Romano Schmid 2019/20 – scout report
Shon Weissman is clearly in this season the shooting star of the Wolsfberger AC as he is currently the top goal scorer of the league with 22 goals. The team of the new head coach Ferdinand Feldhofer sit after the opening 22 games of the season in the comfortable fourth place and showed in this season several good performances.
However, besides the Israeli Weissman, the second player who received quite some attention in this season is the 20-years-old central midfielder Romano Schmid who is on loan from Bundesliga club Werder Bremen. The young Austrian is clearly one of the greatest talents we have in Austria in the central midfield position and plays a decent campaign.
Because of that, we’ll look in this tactical analysis in the form of a scout report on Schmid’s abilities and show why he can become one of the best central midfielders Austria has seen in the last few years.
Positioning and movement
Gerhard Struber implemented the 4-3-1-2 formation at Wolfsberg before he joined in November 2019 Barnsley and left the Austrian side. However, neither the interim manager Mohamed Sahli nor the new head coach Feldhofer switched the system. Considering this, the Wolfsberger AC are one of the very few clubs in Austria’s top-flight which used the same formation throughout the season.
During the first part of the season, the starting XI looked mostly the same and especially the midfield four consisted mainly out of the same four players with Mario Leitgeb as the defensive midfielder in the centre, Schmid on the right side, Marcel Ritzmaier on the left and Michael Liendl behind the two strikers. Since Ritzmaier followed Struber and joined Barnsley in the winter transfer window, Wolfsberg bought Miloš Jojić to replace him. Now, Jojić played in the last few games after the winter break on the right side which meant that Schmid would have to go to the left. This also explains why the heatmap shows that he mainly played on the right side and that he isn’t that often on the left. That’s logical as he made 17 appearances on the right side in the first part of the season, and after the winter break four on the left side.
However, what we also can clearly see is that he seems to be quite flexible as he occupies the wide-areas, but also the half-spaces and a bit of the centre too. Since you have no real wingers in a 4-3-1-2, this formation can be extremely fluid as sometimes the full-backs provide the width and in other moments the midfielder or even the striker drift to the outside. We will look at Schmid’s movements and tactics during Wolfsberg’s possession phases in the following sections of this tactical analysis, but in the image below we can see his positioning when the opposition are on the ball. As one of the two outer midfielders, the 20-year-old has to stay in the half-spaces, so he can quickly move to the wing if necessary, but also being near the centre. In the situation below his good positioning and anticipation help him to intercept the pass.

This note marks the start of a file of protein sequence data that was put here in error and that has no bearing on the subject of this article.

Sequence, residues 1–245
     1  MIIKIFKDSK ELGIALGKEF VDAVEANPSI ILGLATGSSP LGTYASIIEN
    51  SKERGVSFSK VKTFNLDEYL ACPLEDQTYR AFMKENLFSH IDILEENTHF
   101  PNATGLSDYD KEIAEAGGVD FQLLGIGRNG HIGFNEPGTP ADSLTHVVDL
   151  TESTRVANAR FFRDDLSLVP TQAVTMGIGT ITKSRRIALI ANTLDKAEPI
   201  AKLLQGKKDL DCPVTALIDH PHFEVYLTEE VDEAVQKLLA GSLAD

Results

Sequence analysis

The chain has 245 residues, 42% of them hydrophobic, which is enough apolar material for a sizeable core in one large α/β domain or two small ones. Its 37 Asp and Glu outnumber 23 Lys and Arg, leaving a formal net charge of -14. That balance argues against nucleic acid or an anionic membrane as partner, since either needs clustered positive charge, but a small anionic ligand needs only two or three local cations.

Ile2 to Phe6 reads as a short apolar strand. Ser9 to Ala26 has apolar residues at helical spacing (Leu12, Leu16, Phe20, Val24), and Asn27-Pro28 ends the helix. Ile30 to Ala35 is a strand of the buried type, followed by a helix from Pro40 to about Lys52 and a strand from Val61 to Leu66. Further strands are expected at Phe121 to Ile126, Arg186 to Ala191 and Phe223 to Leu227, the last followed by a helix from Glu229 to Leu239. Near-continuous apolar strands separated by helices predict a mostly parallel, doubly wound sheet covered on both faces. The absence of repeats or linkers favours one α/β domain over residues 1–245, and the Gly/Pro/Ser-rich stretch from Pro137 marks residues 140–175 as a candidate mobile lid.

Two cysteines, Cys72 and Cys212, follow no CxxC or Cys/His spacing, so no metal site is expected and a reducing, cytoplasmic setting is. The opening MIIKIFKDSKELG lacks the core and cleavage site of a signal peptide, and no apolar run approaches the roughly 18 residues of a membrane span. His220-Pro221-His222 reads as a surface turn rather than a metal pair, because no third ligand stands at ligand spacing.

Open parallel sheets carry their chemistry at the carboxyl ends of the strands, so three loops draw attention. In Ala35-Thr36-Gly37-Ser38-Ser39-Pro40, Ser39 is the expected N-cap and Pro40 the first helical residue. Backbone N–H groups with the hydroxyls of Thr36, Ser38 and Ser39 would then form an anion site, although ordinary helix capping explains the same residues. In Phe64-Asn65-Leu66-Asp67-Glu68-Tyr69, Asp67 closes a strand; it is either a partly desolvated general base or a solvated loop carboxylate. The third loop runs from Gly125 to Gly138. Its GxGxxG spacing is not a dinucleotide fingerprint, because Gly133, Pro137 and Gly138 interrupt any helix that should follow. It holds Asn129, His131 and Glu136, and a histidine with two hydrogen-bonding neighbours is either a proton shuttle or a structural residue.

Now, we have a closer look at Schmid’s positioning during the build-up of WAC and how he acts when they are able to enter the final third. So, basically, before we even get into detail, you have to make clear that the young Austrian has a lot of freedom and this aspect helps him massively as he is pretty good in looking for free spaces and positioning in them to open up passing lanes.
As we already saw in his heatmap, he likes to position himself in the half-space. He does this especially in situations when the left-back (in almost every game, it has been Lukas Schmitz) stays wide and provides width. We can see in the example below the formation of the Wolfsberger AC during the first phase of the build-up and Schmid is in the left half-space while the left striker is out of the frame.
Now, since the left-back Schmitz isn’t permanently positioned wide and high up the pitch, it’s sometimes also Schmid who drifts to the outside to occupy this certain area. This was also during the first part of the season the same way on the right wing with Schmid and the right-back. In the shot below we can see a situation in which the 20-year-old occupies the left wing to receive a long ball.
In some situations, we can also see that Schmid drops deeper to help the centre-backs and Leitgeb during the build-up in the deeper areas but this clearly only happens when both full-backs pushed forward since otherwise they would have way too many bodies in the deepest line and the progression of the ball would not work.
Anyways, as soon as they can get forward and enter the final third, Schmid’s movements and positions are again really flexible. Sometimes he positions between the lines to receive the ball in this area while in other moments he drops a bit deeper to position out of the opposition’s block. This gives him more time when he receives the ball and also earns him some yards to pick up speed if he decides to start a dribble. We can watch such positioning in the situation below.
Build-up and creation of chances
In this section of this tactical analysis in the form of a scout report, we’ll talk about Schmid’s passing abilities which are surely among his greatest strengths. With 44.08 passes per 90 minutes, he’s one of the most important players of Wolfsberg during the periods of possession. His accuracy of 73.2% would tell you that he’s not such a good passer of the ball, but you have to clearly say that the main reason for that is that he often looks for the special and final pass which aren’t easy, but we’ll look at this in a few.